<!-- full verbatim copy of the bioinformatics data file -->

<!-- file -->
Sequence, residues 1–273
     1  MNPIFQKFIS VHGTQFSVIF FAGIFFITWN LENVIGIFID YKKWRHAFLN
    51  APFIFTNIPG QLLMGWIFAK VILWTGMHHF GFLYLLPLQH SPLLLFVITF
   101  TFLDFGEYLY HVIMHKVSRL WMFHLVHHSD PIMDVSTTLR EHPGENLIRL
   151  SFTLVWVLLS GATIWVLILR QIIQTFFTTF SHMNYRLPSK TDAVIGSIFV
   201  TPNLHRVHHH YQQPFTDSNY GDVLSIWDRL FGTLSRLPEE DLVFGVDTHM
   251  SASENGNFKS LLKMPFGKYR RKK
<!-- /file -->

Sequence, residues 1–273
     1  MNPIFQKFIS VHGTQFSVIF FAGIFFITWN LENVIGIFID YKKWRHAFLN
    51  APFIFTNIPG QLLMGWIFAK VILWTGMHHF GFLYLLPLQH SPLLLFVITF
   101  TFLDFGEYLY HVIMHKVSRL WMFHLVHHSD PIMDVSTTLR EHPGENLIRL
   151  SFTLVWVLLS GATIWVLILR QIIQTFFTTF SHMNYRLPSK TDAVIGSIFV
   201  TPNLHRVHHH YQQPFTDSNY GDVLSIWDRL FGTLSRLPEE DLVFGVDTHM
   251  SASENGNFKS LLKMPFGKYR RKK